Photo: VancityAllie (flickr)
A recent study published in the Archives of General Psychiatry found a link between obesity and alcoholism. The study used data from surveys taken first in 1991-92, then a decade later in the early 2000′s.
While the earlier survey found no connection between a family history of alcoholism and obesity, the data from 2001-02 painted a different picture. Adults, especially women, were 30-40% more likely to be obese with a family history of alcoholism than without.
The new data suggest that for some people, food can be just as addictive as alcohol. Those with a genetic predisposition to addiction are more vulnerable to alcoholism, but they may also be more likely to become addicted to eating.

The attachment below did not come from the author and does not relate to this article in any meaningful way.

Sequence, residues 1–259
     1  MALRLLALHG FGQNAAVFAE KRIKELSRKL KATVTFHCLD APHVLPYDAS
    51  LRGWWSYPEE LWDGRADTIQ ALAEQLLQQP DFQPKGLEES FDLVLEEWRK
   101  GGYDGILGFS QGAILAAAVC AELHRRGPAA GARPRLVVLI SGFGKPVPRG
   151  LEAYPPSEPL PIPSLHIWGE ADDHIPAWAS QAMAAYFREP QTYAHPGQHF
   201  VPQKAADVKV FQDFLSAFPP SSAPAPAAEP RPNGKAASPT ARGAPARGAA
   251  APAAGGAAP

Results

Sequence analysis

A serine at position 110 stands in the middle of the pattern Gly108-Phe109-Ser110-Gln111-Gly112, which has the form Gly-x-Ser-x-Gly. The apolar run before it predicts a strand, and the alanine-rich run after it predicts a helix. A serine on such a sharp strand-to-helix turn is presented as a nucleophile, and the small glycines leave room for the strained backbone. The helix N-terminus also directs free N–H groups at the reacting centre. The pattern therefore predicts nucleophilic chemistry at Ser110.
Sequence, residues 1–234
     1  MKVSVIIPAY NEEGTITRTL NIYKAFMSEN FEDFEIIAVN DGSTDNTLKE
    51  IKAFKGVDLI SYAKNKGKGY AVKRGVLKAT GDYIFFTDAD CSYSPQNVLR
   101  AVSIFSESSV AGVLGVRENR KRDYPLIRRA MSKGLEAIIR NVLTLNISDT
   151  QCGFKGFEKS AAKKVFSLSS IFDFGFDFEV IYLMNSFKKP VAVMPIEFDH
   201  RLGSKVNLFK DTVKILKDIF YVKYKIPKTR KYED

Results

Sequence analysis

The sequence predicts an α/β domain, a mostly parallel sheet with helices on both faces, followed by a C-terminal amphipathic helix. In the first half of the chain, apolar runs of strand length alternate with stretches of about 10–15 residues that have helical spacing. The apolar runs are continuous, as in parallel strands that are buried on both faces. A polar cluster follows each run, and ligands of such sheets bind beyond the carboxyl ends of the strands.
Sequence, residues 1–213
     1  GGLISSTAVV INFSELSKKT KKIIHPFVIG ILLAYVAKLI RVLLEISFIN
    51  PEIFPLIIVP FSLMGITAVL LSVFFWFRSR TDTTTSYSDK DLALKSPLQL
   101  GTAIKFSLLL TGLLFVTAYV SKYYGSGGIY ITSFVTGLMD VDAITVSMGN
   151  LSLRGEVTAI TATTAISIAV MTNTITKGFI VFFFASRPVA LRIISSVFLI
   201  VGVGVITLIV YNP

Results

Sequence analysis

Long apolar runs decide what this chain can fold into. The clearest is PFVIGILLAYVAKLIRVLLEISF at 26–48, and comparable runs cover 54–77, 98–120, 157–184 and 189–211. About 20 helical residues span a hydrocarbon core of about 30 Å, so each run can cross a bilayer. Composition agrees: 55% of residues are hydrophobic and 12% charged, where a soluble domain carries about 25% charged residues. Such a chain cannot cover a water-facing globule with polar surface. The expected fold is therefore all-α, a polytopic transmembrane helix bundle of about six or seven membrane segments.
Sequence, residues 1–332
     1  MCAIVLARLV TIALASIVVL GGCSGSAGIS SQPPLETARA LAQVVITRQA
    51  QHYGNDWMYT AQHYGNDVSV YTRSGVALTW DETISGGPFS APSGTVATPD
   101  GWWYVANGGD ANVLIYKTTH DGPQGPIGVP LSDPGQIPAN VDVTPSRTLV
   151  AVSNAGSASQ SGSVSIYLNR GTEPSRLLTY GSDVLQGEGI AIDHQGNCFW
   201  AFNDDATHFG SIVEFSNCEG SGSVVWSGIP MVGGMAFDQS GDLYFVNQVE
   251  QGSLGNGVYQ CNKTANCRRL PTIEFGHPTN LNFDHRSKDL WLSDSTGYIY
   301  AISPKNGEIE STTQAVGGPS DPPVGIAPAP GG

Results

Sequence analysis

Surveys taken in the 1990s did not show the same trends, but researchers on the study explained that this could be because the availability of certain foods has changed. Dr. Richard A. Grucza, the lead author on the paper and member of the Washington University psychiatry faculty, explained the change over time as due to the changing food environment. Certain foods, especially those high in sugar, salt and fat, have a “tendency to appeal to the sorts of reward systems, which are the parts of the brain implicated in addiction.”
Grucza noted that the alcoholism-obesity link could be explained in other ways, and said that addiction is both “a behavior and a choice. It’s just that some people are more vulnerable to the effect of that choice than others.”
More: Can You Be Addicted to Foods? (New York Times “Well” blog )